Wednesday, June 13, 2012

Advice For Every Age: Graduation Speeches

Jane Lynch's graduation speech at Smith College

Spring is the season of graduation and graduation speeches. And how things have changed since I graduated from Smith College in 1998 and sweated under a black robe through Elizabeth Dole's speech. She not only didn’t represent the majority of the study body, but her speech was quite unremarkable. In fact, all we seem to remember is the fact that she spoke. Perhaps Dole was chosen (over Jodie Foster, rumor has it) because she was a safe choice.

We can still live vicariously through this year’s graduates.

Actress Jane Lynch was this year's inspiring and thoughtful Smith College graduation speaker. Whenever you need a burst of energy, confidence or encouragement to do – or not do – something, this is the speech to turn to. Lynch uses the improv technique of asking, “yes, and?” as the overriding metaphor throughout her speech. Accept what is given to you and add to it. Excellent life – and writing – advice.

Meanwhile, author Michael Lewis spoke at Princeton University’s graduation and reminds listeners about the role of luck in success:

“Life's outcomes, while not entirely random, have a huge amount of luck baked into them. Above all, recognize that if you have had success, you have also had luck — and with  luck comes obligation. You owe a debt, and not just to your Gods. You owe a debt to the unlucky.”

Lewis continues, “In a general sort of way you have been appointed the leader of the group. Your appointment may not be entirely arbitrary. But you must sense its arbitrary aspect: you are the lucky few. Lucky in your parents, lucky in your country, lucky that a place like Princeton exists that can take in lucky people, introduce them to other lucky people, and increase their chances of becoming even luckier. Lucky that you live in the richest society the world has ever seen, in a time when no one actually expects you to sacrifice your interests to anything.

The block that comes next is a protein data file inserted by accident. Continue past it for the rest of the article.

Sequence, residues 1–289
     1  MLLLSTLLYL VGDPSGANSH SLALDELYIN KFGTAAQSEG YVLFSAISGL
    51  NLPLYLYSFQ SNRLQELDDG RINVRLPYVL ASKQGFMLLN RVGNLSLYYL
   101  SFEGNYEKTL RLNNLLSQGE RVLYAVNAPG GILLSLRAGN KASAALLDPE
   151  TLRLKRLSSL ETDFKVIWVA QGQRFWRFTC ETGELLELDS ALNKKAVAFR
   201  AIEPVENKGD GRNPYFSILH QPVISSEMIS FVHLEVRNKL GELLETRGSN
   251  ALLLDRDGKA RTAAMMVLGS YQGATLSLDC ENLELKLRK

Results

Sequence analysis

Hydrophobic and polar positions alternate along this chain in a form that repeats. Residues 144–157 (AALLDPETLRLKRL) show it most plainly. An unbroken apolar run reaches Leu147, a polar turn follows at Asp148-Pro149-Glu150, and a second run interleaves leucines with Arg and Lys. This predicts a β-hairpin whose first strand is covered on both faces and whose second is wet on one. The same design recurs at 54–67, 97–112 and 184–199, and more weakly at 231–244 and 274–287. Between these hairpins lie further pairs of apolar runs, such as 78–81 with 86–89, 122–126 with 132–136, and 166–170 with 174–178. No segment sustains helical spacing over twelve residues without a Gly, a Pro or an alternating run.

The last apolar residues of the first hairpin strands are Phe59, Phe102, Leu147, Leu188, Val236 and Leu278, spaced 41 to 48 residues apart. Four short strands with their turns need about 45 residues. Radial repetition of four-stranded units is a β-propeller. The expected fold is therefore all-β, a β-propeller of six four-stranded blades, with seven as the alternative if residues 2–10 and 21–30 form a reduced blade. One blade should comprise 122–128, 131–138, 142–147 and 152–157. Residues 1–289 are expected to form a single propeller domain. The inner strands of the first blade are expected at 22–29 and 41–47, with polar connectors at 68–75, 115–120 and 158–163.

All of you have been faced with the extra cookie. All of you will be faced with many more of them. In time you will find it easy to assume that you deserve the extra cookie. For all I know, you may. But you'll be happier, and the world will be better off, if you at least pretend that you don't.

Never forget: In the nation's service. In the service of all nations.”

Congratulations to the 2012 graduates, at every level and at every school. Aim to do your best in every aspect of life while treating yourself and others kindly and ethically. 

1 comment:

Chloe Yelena Miller said...

More thoughts on the subject from Slate "Salinger had written something that could also apply to commencement speakers: “On the train to New York at Christmas time walk through the cars until you see a smallish boy struggling to get his suitcase up on the rack. He is sitting alone. He seems to have a cold and his nose is running. He is the one who should write to your graduates. Ask him."